Wednesday, April 26, 2017



On April 16, 2017, Prime Minister Narendra Modi honoured in Bhubaneswar descendants of 16 families associated with what is known as the Paika rebellion of 1817. Here’s an explainer about the little-known but bloody rebellion of Odisha against British colonialism.

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What is Paika rebellion?

  • When the British started tinkering with the revenue system in 1803, the farming community of Odisha rose in rebellion. 
  • At that critical juncture, Bakshi Jagabandhu Bidyadhar — the military chief of the King of Khurda — led his motley army of Paikas forcing the British East India Company forces to retreat. 
  • The rebellion came to be known as Paika Bidroh (Paika rebellion).

When did it take place?

  • The rebellion, by the landed militia of Khurda called Paiks, predates the first war of independence in 1857 but did not get similar recognition. 
  • It took place when the British East India company wrested the rent-free land that had been given to the Paiks for their military service to the Kingdom of Khurda

Why does Mr. Modi honour people associated with the rebellion now?

  • It’s 200 years since the army led by King of Khurda revolted against the British on April 2, 1817. 
  • The rebellion had been flagged by Finance Minister Arun Jaitley’s budget speech this year where he said that “two hundred years ago in 1817, a valiant uprising of soldiers led by Bakshi Jagabandhu [Bidyadhar Mohapatra] took place in Khurda of Odisha. 
  • We will commemorate the same appropriately.”


  • Google is celebrated with a doodle the 130th birth anniversary of one of the big names in 20th century Indian art, Jamini Roy.
  • A graduate from the Government College of Art, Kolkata, Roy was a pupil of Abanindranath Tagore, the creator of 'Indian Society of Oriental Art'. Roy was born in Beliatore village of Bankura district in 1887.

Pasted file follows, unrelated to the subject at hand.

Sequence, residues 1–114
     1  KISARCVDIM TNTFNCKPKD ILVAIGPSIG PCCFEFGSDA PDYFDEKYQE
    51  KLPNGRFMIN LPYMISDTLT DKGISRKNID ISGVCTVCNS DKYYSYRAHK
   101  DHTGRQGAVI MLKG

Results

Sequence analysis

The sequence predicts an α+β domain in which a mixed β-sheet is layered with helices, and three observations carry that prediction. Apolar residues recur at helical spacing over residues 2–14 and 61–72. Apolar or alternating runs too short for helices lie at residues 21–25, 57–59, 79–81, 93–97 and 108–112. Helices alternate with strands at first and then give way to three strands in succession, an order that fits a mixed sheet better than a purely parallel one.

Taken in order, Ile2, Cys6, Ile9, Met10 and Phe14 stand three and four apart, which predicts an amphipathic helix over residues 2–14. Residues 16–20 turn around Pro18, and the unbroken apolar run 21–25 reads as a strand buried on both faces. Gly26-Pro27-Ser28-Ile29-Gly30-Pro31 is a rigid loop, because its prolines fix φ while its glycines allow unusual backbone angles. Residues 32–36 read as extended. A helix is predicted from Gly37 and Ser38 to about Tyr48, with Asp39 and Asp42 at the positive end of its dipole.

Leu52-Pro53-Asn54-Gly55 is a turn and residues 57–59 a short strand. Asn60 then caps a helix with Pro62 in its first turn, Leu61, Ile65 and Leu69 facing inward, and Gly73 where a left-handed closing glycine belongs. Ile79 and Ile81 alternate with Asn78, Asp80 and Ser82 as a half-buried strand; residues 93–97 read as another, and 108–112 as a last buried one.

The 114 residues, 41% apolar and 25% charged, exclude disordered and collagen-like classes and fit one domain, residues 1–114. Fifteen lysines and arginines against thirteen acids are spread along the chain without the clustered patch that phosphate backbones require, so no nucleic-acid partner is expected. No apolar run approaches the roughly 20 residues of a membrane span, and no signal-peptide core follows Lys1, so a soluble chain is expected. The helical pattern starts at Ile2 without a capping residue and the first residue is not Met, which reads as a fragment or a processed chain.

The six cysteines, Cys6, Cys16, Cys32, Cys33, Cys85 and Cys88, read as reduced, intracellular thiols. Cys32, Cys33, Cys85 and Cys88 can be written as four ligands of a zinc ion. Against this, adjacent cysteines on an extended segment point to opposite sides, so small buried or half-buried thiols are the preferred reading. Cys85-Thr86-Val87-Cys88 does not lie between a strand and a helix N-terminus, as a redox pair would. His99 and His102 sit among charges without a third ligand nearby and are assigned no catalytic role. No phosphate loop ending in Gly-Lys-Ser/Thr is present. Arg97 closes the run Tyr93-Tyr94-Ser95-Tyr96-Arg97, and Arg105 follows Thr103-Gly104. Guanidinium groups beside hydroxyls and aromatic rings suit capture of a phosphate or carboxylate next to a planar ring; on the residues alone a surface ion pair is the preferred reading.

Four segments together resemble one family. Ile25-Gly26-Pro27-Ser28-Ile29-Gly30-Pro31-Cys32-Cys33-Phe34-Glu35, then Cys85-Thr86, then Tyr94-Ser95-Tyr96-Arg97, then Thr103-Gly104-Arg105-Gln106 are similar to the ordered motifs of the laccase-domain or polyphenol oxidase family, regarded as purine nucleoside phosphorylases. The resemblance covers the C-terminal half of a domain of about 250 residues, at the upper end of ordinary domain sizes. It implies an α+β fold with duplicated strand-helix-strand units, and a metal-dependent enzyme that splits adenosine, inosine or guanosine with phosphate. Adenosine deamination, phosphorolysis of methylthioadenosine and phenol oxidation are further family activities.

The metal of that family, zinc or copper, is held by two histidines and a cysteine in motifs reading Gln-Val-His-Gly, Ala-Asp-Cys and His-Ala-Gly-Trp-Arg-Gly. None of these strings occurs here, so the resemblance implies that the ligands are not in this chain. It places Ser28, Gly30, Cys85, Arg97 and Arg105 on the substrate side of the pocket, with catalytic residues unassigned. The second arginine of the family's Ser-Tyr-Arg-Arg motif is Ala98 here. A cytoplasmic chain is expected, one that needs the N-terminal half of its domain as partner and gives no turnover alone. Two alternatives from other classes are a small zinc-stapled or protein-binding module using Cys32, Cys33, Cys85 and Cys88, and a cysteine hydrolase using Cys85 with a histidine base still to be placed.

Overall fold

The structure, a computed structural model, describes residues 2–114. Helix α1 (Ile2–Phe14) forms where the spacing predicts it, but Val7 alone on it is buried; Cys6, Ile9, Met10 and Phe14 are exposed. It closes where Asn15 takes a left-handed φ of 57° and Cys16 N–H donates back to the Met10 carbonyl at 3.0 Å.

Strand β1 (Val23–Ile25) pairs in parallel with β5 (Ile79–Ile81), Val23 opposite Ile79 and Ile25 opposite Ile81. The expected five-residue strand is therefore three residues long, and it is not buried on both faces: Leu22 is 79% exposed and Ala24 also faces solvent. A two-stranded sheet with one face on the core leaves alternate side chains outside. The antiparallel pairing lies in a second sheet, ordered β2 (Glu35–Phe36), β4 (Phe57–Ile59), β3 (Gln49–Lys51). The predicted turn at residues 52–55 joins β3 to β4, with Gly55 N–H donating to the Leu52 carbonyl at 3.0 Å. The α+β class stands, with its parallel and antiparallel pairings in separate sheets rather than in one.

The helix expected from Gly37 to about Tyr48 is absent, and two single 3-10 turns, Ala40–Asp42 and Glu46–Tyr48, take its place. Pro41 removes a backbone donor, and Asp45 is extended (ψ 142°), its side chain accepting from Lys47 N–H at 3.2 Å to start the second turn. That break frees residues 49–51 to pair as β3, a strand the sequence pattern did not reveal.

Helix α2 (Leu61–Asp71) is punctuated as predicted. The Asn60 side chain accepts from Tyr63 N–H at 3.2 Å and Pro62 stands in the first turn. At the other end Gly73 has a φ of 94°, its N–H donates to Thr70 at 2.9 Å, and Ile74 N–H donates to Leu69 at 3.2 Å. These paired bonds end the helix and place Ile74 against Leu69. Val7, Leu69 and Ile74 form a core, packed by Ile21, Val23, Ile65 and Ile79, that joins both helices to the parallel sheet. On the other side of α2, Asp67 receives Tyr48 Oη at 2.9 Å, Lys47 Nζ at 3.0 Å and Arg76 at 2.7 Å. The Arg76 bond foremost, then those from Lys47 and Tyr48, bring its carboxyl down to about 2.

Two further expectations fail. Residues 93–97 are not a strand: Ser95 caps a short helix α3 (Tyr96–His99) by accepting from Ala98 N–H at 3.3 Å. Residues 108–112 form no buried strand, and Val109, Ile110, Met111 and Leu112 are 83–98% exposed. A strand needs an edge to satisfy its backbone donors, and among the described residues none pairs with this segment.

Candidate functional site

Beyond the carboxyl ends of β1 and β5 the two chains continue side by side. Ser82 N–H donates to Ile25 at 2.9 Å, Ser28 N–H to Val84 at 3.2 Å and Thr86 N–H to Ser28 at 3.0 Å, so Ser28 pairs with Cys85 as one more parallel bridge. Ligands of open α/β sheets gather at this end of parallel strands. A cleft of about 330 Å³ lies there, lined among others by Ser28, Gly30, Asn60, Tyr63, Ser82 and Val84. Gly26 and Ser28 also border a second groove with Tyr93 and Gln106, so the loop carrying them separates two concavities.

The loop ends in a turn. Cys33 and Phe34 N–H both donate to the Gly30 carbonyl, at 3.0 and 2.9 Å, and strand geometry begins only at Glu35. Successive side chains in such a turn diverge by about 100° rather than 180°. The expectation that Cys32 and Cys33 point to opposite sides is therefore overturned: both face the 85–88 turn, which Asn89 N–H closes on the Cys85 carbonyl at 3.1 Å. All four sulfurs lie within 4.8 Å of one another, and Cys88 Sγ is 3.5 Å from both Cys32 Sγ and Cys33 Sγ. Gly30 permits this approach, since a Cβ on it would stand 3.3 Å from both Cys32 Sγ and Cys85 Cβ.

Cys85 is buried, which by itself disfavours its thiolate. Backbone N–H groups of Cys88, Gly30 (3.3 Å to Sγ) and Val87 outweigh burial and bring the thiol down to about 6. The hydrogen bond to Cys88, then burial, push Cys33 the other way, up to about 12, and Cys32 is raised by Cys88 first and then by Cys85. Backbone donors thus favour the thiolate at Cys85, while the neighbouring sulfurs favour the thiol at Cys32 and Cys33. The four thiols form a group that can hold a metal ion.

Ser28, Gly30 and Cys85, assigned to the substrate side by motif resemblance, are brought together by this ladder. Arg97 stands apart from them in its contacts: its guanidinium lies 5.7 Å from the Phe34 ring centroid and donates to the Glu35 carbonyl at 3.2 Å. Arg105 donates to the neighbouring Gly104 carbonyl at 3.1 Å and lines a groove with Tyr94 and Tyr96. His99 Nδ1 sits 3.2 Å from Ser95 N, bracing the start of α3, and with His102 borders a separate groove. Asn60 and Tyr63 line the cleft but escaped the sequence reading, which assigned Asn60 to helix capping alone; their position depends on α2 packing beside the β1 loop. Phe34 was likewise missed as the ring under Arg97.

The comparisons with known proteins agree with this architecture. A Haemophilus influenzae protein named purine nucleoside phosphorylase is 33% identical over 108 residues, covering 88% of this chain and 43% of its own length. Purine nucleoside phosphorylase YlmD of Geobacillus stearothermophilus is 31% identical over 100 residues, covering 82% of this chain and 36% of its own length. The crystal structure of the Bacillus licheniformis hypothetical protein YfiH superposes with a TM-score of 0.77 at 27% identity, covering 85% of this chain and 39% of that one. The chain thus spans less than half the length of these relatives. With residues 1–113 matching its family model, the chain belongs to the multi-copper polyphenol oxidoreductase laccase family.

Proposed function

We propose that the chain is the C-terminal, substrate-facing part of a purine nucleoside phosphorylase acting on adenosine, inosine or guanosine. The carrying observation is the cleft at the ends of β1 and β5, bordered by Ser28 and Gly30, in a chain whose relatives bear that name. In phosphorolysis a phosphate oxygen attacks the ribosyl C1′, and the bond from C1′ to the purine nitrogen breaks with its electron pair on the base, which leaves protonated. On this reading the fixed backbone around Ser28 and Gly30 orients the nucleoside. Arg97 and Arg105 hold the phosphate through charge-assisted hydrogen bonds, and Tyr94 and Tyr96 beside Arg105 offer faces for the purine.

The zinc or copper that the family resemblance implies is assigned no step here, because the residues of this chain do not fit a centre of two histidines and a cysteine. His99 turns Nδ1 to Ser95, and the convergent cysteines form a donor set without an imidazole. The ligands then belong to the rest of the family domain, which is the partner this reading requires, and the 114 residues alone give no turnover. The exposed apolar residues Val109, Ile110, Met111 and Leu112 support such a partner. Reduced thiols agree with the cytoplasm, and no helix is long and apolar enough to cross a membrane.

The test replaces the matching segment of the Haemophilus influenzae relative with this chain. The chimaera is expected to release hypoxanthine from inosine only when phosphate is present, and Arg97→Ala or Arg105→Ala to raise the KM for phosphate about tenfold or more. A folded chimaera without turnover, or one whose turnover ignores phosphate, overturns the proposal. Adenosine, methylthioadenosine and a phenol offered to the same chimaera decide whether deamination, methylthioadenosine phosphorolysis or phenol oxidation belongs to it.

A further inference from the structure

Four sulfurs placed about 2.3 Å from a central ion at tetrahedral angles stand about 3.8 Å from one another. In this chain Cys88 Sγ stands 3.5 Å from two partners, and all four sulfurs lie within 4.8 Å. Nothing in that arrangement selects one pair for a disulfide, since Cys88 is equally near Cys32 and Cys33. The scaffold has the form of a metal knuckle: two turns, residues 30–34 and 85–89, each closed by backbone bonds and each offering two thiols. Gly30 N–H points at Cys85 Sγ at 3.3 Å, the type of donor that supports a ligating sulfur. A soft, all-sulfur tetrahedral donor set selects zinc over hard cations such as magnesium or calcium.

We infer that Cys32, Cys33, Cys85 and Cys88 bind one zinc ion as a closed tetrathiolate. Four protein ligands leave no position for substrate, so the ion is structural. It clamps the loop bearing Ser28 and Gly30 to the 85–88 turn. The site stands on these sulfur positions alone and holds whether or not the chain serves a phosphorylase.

• He started his career spanning over six decades as a commissioned portrait artist but soon gave up and began experimenting with Indian folk art. He took lessons from patua, a community known for their traditional occupation of painting idols, to better his craft at Kalighat paintings.
  • Some of his other world famous work includes, ‘Ramayana’ a magnum opus spread across 17 canvases; ‘Gopini and two Companions’; ‘Mother and Child’; ‘Bengali Woman’; and ‘Three men in boat’ .His work, however, wasn’t limited to painting alone. His wooden sculptures, rooted in Indian villages, reflect the traditional art of Bengal. The quintessential ‘Jamini Roy’ work exhibits bold colours of red, yellow ochre, blue, and white. Roy brought versatility and emotion to folk art. While a painting of a Santhal woman oozes sensuousness, the ‘Three Pujarinis’ are very traditional looking almond-eyed women.
  • Jamini Roy received many awards and accolades, including the Padma Bhushan in 1955. In 1976, the Archaeological Society of India declared him one of “Nine Masters” to be treated as treasure. Roy passed away in 1972.

#3 Teesta River

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  • Teesta River is lifeline of Sikkim and makes a border between Sikkim and West Bengal before joining the Brahmaputra as a tributary in Bangladesh. The total length of the river is 315 kilometres .
  • It originates at Tso Lhamo Lake in North Sikkim and is formed by the melting of the Tista Khantse glacier.
  • Just before the Teesta Bridge, which joins Kalimpong with Darjeeling, the river is met by its main tributary, the Rangeet River.